Why that is a better strategy to me is it won't be cannibalizing much of its online sales, but should enjoy a higher growth rate for the products offered in physical settings. In other words, people weren't buying these types of products at meaningful levels from Amazon over the Internet, and its data show this could be an excellent way to enter the physical retail market without cutting into online sales in any meaningful way.
Further, my research suggests these products aren't going to be slow-moving products, but products many consumers need or want.
With one of Amazon's key moats being the data it is able to gather from a huge number of customers, there is no doubt in my mind it's positioning itself for a strong chance at making these physical stores very successful.
Being able to do it without disrupting its existing sales is a major plus as well.
Online sales outlook
Overall online sales are only going to continue to grow in the U.S. and around the world, and domestically, online sales only account for approximately ten percent of all retail sales in the U.S. There is a lot of room to grow there, even when considering there are some things most people won't buy unless they are able to handle them.
With that in mind, and Amazon and Wal-Mart being the top two online retailers - with Amazon easily dominating the e-commerce market - both of them should continue to grow online sales over the long term.
For all of 2015, Amazon generated $107 billion in online sales, with Wal-Mart coming in a distant second at $13.7 billion in online sales.
In its latest earnings report it was also revealed another cost of boosting online sales is at the expense of already tight margins. Revenue grew but earnings fell. Now that's really starting to sound like an Amazon business model.
I think Warren Buffett saw that Wal-Mart would cannibalize its physical stores and what real growth it enjoyed in the e-commerce segment of its business, would weigh heavily on earnings. He didn't miss anything.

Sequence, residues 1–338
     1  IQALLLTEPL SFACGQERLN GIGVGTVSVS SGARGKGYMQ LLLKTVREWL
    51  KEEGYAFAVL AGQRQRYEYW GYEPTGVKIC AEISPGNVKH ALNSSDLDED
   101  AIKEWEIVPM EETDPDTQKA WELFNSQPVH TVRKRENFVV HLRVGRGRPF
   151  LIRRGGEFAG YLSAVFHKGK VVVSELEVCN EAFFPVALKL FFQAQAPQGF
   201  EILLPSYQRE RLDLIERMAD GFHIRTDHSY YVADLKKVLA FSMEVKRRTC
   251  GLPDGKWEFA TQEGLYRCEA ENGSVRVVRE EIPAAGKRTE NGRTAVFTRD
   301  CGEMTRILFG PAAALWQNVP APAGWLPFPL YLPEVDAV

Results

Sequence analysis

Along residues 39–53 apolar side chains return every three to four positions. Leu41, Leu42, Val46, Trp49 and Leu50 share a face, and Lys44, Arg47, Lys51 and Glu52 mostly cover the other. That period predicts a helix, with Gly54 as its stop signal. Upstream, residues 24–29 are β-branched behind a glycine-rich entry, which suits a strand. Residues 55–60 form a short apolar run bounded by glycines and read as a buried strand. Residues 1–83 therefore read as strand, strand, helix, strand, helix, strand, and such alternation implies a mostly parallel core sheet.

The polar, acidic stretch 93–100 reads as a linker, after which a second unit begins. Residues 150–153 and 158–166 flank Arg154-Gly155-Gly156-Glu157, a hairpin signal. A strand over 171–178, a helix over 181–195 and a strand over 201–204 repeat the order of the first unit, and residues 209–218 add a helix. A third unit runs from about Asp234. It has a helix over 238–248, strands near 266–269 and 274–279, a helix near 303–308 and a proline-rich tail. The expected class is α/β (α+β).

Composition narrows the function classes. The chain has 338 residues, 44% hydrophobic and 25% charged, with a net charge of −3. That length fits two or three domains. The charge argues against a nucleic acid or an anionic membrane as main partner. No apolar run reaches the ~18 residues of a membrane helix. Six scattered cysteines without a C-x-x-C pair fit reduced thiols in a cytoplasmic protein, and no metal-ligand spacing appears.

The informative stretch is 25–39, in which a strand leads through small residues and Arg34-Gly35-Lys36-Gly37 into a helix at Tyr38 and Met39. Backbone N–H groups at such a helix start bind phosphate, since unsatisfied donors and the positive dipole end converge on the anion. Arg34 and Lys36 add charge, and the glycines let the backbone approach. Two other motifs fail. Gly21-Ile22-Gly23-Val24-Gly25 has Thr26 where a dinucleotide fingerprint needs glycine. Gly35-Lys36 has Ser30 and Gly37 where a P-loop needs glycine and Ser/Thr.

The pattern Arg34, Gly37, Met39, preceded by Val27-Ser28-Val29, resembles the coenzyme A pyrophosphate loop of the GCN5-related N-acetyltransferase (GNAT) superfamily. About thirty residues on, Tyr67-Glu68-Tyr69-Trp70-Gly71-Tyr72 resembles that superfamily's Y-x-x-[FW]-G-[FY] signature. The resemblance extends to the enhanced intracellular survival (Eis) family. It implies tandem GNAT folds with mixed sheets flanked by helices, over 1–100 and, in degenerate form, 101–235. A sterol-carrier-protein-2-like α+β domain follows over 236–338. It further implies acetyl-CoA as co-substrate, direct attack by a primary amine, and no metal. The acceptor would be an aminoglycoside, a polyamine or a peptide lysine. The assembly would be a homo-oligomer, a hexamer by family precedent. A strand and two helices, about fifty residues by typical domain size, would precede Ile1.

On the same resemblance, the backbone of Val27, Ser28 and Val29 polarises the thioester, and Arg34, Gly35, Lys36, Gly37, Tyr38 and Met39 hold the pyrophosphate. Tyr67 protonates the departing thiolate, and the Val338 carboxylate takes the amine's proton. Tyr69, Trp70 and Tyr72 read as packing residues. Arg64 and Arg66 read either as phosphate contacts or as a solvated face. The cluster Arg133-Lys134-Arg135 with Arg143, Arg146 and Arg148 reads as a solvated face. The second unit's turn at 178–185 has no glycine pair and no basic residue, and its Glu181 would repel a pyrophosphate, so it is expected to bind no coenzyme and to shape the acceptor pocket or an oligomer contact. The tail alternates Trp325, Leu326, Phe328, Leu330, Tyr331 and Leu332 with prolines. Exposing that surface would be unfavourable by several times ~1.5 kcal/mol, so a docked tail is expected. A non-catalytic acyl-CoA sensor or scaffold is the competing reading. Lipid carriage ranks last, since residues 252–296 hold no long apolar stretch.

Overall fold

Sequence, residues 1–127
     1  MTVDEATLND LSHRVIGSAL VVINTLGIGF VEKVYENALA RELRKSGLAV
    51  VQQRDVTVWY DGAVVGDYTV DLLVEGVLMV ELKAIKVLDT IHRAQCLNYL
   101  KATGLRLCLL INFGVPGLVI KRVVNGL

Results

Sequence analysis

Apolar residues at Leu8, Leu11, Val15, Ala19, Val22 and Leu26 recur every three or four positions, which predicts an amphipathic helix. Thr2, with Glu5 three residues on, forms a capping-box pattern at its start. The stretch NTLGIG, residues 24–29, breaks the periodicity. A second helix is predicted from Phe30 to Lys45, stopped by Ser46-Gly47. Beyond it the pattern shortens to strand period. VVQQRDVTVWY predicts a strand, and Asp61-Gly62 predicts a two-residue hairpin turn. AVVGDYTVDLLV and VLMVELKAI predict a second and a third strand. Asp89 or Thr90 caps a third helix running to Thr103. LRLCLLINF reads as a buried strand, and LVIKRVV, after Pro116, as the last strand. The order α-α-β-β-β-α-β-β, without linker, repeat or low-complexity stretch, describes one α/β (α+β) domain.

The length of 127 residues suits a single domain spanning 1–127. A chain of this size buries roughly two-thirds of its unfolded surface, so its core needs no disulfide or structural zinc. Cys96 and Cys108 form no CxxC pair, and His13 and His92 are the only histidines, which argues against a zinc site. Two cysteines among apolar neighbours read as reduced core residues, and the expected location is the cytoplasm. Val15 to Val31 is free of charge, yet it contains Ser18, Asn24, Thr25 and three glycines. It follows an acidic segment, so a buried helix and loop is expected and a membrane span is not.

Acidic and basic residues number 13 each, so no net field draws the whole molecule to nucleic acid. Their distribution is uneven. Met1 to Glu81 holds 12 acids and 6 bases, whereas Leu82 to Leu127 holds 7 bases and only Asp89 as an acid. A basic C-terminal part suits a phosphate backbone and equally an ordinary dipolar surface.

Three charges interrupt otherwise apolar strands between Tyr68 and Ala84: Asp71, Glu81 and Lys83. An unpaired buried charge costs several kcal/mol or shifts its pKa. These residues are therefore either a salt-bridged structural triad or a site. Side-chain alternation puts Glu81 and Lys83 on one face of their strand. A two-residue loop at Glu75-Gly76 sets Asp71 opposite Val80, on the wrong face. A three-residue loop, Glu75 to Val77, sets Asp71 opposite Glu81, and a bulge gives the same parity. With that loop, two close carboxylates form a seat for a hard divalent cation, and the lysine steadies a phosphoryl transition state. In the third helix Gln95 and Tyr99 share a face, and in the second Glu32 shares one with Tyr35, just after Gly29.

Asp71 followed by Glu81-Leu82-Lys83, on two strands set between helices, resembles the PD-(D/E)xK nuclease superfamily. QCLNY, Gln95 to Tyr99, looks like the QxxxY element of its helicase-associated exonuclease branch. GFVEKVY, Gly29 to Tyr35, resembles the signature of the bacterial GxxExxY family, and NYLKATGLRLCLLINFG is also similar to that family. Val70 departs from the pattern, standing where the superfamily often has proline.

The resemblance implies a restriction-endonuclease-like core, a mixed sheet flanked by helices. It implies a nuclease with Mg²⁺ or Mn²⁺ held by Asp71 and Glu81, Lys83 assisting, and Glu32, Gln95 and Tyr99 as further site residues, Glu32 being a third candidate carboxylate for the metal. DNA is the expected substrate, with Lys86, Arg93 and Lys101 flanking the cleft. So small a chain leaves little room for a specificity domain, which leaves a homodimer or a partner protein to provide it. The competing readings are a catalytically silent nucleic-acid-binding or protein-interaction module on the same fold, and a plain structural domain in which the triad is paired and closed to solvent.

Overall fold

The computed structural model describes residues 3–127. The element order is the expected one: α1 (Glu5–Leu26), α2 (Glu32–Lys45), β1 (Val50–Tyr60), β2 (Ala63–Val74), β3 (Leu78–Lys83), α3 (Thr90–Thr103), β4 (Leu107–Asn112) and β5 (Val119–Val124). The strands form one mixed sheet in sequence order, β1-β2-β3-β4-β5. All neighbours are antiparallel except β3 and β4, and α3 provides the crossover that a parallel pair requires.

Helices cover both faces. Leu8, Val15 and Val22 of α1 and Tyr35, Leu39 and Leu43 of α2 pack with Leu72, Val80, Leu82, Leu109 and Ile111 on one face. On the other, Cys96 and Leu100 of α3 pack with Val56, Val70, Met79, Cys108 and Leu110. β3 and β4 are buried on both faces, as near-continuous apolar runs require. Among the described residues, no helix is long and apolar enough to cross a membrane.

The trend of increasing online sales will continue, and it will raise both of these retail giants' ships. At what cost it'll do so is the question.
Investors need to take the Wal-Mart performance as very suspect, when considering cannibalization, margins and earnings. That said, if Wal-Mart is started to be analyzed in the same way Amazon has been, it may be rewarded with a higher share price. It doesn't mean it's taking share away from Amazon or even necessarily improving general sales. What it means is it's transitioning to more online sales.
It'll take a few more quarters to see whether or not there is real online sales growth coming from Wal-Mart, or it's simply acquired growth, which while legitimate, is unlikely to have much, if any, impact on Amazon's results.
From Amazon's point of view, at worst, it may lose some of the low-margin, low-cost sales to Wal-Mart, but that may be a positive thing which may improve its margin and earnings.
With online sales being a monster trend with a long way to run, I don't see either company really suffering from lack of growth in that segment of their businesses.
However the market views Wal-Mart as a result of increasing its e-commerce business, I don't see it doing anything to slow down Amazon, even if it continues to acquire other companies to give it more growth in that market. It would be more impressive and important to me if this was organic growth rather than growth via acquisition for Wal-Mart.
The reason is after the initial bump from acquisition sales, it still has to figure out how to grow organically in the years ahead if the growth is to be consistent and long term.
Not only do I still like Amazon far better than Wal-Mart as a growth company, it also has a real chance at not only growing its e-commerce business for years, but may get another nice revenue stream by selling highly desirable products that consumers prefer to handle in physical stores before making a buying decision.
Disclosure: I/we have no positions in any stocks mentioned, and no plans to initiate any positions within the next 72 hours.
I wrote this article myself, and it expresses my own opinions. I am not receiving compensation for it (other than from Seeking Alpha). I have no business relationship with any company whose stock is mentioned in this article.